Sunday was a sort of a nothing day. The weather was still bad, rough seas and swell, low visibility, heavy snow showers at times. Gordon did some housework {vacuuming and cleaning his bedroom and office, changing his sheets), then some straightening up of his paperwork -mainly cargo type stuff. He had a few friends around last night, they drank some red wine, ate cheese and biscuits and watched the last episode of 'The Dream' -the Roy and HG show that ran during the Olympics.

But there was a drama yesterday. The e-mail system on board crashed something awful. There is a special handset which is used to make the connection between the Computer and satellite systems -someone accidentally dropped it and some of the delicate internal mechanism got damaged. The technical people worked long and hard all Sunday afternoon to try and repair it but failed. Then a miracle occurred. One expedition group on board is heading out to a remote site in the Prince Charles Mountains and in their kit they felt they had a piece of equipment for their communications which we could use for the patch. Last evening Gordon, the Voyage Leader and others got their heads together to work out exactly where this 2 kilograms of technology was in amongst the 400,000 kgs of cargo. They racked it down to one of two steel containers which were on the decks. They decided to try and get into the containers in the morning.

So this morning after breakfast Gordon put on his freezer suit and his big boots and gloves and with three other guys went out on to the decks {the temperature was about 0 degrees Celsius, there was 30 knots of wind, there was hardly any visibility because of the heavy snow showers, the ships rolling wasn't as bad as it has been in recent days). So after opening up the containers, they went scrambling about inside and after shifting a number of bags and boxes about they located the box which had the 2 kg piece of equipment. Then it was a case of putting everything back, closing up the containers and coming back inside for a nice hot cup of tea. The technicians got onto the job quickly and we have since reestablished the e-mail ink. The guy who is going to the Prince Charles Mountains has to have his piece of equipment when he leaves the ship at Davis -so we don't know what's going to happen with e-mail after that. I'll try and give you warning about that when we get closer to Davis.

Another hero day for Gordon. Hooray!

And the last special event to tell you about. I didn't see much of this one cause it was an adults only occasion and wee bears weren't allowed.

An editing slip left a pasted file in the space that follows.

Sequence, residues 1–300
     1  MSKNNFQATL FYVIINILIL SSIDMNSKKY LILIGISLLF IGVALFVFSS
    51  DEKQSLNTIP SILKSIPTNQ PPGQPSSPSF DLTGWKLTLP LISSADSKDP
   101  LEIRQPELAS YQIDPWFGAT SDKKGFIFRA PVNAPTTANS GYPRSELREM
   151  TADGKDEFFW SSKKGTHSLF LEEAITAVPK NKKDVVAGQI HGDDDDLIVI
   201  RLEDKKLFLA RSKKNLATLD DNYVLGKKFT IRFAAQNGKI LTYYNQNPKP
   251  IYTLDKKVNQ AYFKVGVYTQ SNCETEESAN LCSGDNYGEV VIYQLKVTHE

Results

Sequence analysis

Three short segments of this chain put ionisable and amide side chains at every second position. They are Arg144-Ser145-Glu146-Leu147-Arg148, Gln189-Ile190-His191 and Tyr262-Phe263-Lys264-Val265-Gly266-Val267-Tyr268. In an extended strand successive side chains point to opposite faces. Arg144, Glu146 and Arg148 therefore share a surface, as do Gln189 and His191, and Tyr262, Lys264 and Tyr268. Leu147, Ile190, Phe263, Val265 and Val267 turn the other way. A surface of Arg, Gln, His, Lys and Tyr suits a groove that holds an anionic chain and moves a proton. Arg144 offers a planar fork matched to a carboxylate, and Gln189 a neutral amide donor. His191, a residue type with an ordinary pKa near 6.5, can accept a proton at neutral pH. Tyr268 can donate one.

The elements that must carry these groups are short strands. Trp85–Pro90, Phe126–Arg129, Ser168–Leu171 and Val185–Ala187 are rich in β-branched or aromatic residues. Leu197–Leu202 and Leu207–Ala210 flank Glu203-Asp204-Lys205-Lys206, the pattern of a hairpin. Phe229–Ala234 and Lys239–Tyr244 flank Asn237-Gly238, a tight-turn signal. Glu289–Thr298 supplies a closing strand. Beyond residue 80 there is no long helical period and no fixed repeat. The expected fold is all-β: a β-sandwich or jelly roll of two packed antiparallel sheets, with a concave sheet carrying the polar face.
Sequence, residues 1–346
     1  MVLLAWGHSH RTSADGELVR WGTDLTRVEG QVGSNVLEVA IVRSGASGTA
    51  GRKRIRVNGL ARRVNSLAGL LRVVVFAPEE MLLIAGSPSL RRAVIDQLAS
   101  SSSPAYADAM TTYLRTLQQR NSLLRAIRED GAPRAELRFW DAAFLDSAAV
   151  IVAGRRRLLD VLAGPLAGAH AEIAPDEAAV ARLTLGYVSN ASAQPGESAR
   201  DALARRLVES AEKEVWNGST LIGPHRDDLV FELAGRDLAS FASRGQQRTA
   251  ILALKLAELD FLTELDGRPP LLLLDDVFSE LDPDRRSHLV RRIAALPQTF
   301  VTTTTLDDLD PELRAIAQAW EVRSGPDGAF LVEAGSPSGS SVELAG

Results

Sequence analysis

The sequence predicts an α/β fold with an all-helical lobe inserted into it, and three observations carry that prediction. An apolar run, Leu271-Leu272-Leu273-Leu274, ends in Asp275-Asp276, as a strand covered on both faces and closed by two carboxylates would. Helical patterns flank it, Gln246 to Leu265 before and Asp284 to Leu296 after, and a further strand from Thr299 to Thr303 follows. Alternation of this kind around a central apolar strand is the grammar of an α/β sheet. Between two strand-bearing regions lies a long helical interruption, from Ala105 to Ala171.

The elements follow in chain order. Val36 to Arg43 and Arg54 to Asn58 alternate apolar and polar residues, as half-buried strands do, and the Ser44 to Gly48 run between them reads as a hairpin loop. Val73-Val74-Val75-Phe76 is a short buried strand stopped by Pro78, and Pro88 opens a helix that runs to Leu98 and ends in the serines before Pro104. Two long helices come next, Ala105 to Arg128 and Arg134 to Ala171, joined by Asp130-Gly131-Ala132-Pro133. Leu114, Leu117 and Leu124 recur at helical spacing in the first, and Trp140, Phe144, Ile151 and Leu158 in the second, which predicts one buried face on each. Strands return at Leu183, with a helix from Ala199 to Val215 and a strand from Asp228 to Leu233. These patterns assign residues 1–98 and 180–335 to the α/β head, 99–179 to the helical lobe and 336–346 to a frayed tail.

Last Friday was, of course the 13th, so any excuse for a party, some people organized a "Fright Night" party in the bar. Most people on the ship entered into the fun of it all and put together some wonderful costumes from whatever they could find. Gordon had a real ugly rubber mask which he wore with a big paper bag over that -with the sign "Too Frightful to Show". It's hard to describe the costumes -some simple others very elaborate, Gordon has some wonderful digital photos someone took at the party and will send some along when he gets back from the trip.

It is now getting close to lunch. Gordon has to put onto a map we have in the restaurant the location of this ship each day -just so the passengers can see where we are and how much further we have to go. I hope that the students at Husmann have been keeping their map up to date and trying to get some sense of what we are doing and where we are.

So I'd better close up for now. Gordon has a number of small jobs this afternoon so that will keep him out of mischief -perhaps OzGold and I can sneak around and see what mischief we can get up to.

Ooroo for now.




Home | Polar Explorer | Mission Information | Team Connection |

PRISM © 2002 - is brought to you by

National Science Foundation Logo
National Science Foundation
Information and Telecommunication Technology Center Logo
Information and Telecommunication Technology Center (ITTC)
Kansas Technology Enterprise Corporation Logo
Kansas Technology Enterprise Corporation
University of Kansas Jayhawk Logo
University of Kansas